The Purple Flowering Raspberry, or Rubus odoratus, is kind of the secret raspberry. Might as well be called Rubus secretum, as no one seems to know of it. While many a forager might be out picking Red Raspberries and Blackberries, these brambles tend to go unnoticed, but it’s not for a lack of trying.
The large maple-like leaves and purple rose-like flowers make this plant easy to spot, even from some distance. While most plants in this family (Rosaceae) seem to flower in the spring (including cherries, apples etc), lose their petals and then fruit in July-August (or later), this plant holds onto some of its flowers even as the fruit are available. I was obviously a bit late to this party, as you can see most of the ripe berries had already fallen to the ground by the time I got to them on this rainy day in early August.
Compared to the Red Raspberry, of which you are no doubt familiar, or the Dwarf Raspberry for that matter, the fruit of this plant is a little drier and slightly sour/tart, but still quite edible and still available at the unbeatable price of free. In Southern Ontario the fruit appears in mid to late July and some can still be found even now in mid-August. Look for it along the edge of trails and woods.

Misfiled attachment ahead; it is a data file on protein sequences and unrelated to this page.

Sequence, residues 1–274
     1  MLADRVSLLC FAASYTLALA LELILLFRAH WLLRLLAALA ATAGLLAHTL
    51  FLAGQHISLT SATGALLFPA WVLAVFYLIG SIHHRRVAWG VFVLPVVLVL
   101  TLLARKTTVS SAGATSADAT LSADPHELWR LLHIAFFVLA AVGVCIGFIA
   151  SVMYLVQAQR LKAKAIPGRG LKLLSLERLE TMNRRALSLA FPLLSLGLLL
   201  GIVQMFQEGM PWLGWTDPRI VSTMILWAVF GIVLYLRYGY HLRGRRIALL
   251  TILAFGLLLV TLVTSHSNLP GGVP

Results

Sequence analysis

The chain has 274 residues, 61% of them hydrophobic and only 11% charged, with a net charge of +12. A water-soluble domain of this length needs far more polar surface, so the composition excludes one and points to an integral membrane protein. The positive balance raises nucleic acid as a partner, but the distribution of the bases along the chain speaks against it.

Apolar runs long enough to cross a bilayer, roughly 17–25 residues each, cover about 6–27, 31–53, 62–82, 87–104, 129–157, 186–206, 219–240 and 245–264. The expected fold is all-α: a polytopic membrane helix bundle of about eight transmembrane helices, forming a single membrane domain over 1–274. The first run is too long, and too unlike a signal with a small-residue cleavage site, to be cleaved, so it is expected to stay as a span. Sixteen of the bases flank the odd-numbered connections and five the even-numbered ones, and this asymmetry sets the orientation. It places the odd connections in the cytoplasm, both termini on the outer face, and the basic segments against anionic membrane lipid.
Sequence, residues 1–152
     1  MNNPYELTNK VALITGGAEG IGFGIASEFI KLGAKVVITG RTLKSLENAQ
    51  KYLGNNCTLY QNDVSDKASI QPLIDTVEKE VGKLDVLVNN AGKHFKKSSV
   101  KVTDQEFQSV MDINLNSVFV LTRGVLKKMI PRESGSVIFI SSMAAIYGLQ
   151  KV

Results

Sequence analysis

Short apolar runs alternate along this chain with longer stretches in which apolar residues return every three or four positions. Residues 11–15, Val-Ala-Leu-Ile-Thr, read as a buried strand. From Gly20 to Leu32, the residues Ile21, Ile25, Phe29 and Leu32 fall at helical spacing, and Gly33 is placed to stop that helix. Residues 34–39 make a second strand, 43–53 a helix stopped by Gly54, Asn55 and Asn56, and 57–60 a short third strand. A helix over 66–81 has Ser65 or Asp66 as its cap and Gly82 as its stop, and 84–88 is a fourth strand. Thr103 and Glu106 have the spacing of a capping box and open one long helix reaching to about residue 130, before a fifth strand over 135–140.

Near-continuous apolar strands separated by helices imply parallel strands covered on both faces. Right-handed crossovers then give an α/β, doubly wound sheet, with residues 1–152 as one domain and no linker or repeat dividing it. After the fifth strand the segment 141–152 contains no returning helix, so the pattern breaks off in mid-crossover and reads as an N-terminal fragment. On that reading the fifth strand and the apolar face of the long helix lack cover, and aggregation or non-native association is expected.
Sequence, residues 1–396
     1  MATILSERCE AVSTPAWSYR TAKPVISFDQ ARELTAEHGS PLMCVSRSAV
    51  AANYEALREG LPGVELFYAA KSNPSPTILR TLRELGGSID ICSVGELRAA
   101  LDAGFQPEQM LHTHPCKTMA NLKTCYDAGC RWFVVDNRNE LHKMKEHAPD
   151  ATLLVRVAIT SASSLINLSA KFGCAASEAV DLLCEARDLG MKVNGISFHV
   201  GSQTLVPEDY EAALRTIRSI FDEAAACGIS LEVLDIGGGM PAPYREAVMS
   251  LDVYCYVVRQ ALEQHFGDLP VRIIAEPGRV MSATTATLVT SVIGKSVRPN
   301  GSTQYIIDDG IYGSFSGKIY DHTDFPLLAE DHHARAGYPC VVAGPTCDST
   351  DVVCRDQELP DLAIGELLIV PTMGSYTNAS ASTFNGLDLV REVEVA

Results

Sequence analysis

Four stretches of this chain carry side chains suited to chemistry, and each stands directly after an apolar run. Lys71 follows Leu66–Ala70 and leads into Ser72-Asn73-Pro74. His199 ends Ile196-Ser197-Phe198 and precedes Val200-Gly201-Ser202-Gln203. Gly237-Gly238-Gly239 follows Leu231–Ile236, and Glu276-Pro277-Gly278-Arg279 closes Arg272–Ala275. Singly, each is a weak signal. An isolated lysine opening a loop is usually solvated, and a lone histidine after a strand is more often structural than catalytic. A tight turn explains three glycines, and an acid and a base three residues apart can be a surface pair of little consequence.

Here are two great resources to bring on your hikes to help you with plant identification:
• Forest Plants of Central Ontario; Lone Pine Publishing
• Peterson Field Guides – Edible Wild Plants, Eastern/Central North America
As with any wild plant:
• harvest/consume only those that you can identify positively
• when in doubt ask an expert in the area
• Learn to distinguish from any similar poisonous plant (if applicable)
• Sample sparingly at first to gauge individual sensitivities/allergies
• Understand which parts of which plants may be consumed as many edible plants have toxic parts/structures
• Harvest only when/where abundant
• Do not harvest plants that are endangered or in need of protection